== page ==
Think Outside the Shoe Box When Organizing Financial Records
What records do you need to keep?
If you keep paperwork because you "might need it someday," your files are likely overflowing with nonessential documents. One key to organizing your financial records is to ask yourself "Why do I need to keep this?" Documents that you should retain are likely to be those that are related to tax returns, legal contracts, insurance claims, and proof of identity. On the other hand, documents that you can easily duplicate elsewhere are good candidates for the shredder. For example, if you bank online and can view or print copies of your monthly statements and cleared checks, you may not need paper copies of the same information.
How long should you keep them?
A good rule of thumb is to keep financial records only as long as necessary. For example, you may want to keep ATM receipts only temporarily, until you've reconciled them with your bank statement. If a document provides legal support and/or is hard to replace, you'll want to keep it for a longer period or even indefinitely.
Records that you may want to keep for a year or less include:
• Bank or credit union statements
• Credit card statements
• Utility bills
• Annual insurance policies
Records that you may want to keep for more than a year include:
• Tax returns and supporting documentation
• Mortgage contracts and supporting
documents • Receipts for home improvements
• Property appraisals
• Annual retirement and investment statements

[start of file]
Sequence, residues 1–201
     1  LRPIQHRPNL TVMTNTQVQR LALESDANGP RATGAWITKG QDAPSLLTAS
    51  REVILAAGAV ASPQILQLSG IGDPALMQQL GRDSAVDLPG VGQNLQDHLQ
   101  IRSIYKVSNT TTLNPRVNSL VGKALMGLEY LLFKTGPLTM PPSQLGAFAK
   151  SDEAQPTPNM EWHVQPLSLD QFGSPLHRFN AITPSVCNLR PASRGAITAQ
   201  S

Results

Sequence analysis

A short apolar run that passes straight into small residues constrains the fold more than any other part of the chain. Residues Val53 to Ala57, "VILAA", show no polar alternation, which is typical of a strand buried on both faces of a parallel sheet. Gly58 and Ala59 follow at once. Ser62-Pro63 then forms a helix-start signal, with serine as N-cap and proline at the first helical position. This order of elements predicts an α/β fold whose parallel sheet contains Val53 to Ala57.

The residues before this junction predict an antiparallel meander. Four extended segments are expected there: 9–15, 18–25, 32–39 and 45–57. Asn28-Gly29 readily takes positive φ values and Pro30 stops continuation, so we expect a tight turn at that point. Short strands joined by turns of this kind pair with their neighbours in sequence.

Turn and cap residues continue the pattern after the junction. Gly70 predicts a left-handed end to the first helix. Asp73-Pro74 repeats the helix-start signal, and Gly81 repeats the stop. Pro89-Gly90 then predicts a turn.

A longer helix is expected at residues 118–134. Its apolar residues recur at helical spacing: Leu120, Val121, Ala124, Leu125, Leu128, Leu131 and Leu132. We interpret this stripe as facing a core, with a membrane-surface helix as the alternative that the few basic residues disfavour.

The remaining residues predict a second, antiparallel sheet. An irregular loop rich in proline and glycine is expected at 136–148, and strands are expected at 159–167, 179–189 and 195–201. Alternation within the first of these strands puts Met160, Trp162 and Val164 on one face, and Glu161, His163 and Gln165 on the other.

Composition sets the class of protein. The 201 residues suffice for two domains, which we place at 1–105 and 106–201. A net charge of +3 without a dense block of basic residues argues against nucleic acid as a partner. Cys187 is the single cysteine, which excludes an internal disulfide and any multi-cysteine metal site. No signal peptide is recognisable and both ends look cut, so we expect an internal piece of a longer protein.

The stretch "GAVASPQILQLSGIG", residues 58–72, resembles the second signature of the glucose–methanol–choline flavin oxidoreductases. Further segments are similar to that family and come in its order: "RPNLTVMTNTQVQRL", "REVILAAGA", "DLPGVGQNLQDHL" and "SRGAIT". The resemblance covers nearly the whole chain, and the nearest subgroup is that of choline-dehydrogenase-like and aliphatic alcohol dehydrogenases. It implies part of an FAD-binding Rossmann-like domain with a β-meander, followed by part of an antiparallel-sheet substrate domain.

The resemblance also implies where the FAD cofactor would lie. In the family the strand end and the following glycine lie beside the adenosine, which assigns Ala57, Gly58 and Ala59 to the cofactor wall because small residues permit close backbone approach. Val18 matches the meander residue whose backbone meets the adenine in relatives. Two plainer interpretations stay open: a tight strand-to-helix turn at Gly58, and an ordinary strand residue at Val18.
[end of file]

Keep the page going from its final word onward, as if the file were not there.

• Receipts for major purchases
Records that you may want to keep indefinitely include:
• Birth, death, and marriage certificates
• Adoption papers
• Citizenship papers
• Military discharge papers
• Social Security card
Of course, this list is not all-inclusive and these are just broad guidelines; you may have a good reason for keeping some records for a shorter or longer period of time.
Where should you keep them?
Where you should keep your records and documents depends on how easily you want to be able to access them, how long you plan to keep them, and how many records you have. A simple set of labeled folders in a file cabinet works fine for many people, but electronic storage is another option if space is tight.
For example, one easy way to cut down on clutter and still keep everything you need is to store some of your files on your computer. You can save copies of online documents or purchase a scanner that you can use to convert your documents to electronic form. But make sure you keep backup copies on a portable storage drive or hard drive, and make sure that your files are secure.
Another option to consider is cloud storage. Despite its lofty name, cloud storage is simply an online backup service that allows you to upload and store your files over the Internet, giving you easy access to information without the clutter. Information you upload is encrypted for security. If you're interested, look for a company with a reliable reputation that offers automatic backup and good technical support, at a reasonable subscription cost.
Keeping your financial records in order can be even more challenging than organizing them in the first place. One easy way to prevent paperwork from piling up is to remember the phrase "out with the old, in with the new." For example, when you get this year's auto policy, discard last year's. When you get an annual investment statement, discard the monthly or quarterly statements you've been keeping. It's a good idea to do a sweep of your files at least once a year to keep your filing system on track (doing this at the same time each year may be helpful).
But don't just throw your financial paperwork in the trash. To protect sensitive information, invest in a good quality shredder that will destroy any document that contains account numbers, Social Security numbers, or other personal information.
Whatever system you choose, keep it simple. You'll be much more likely to keep your records organized if your system is easy to follow.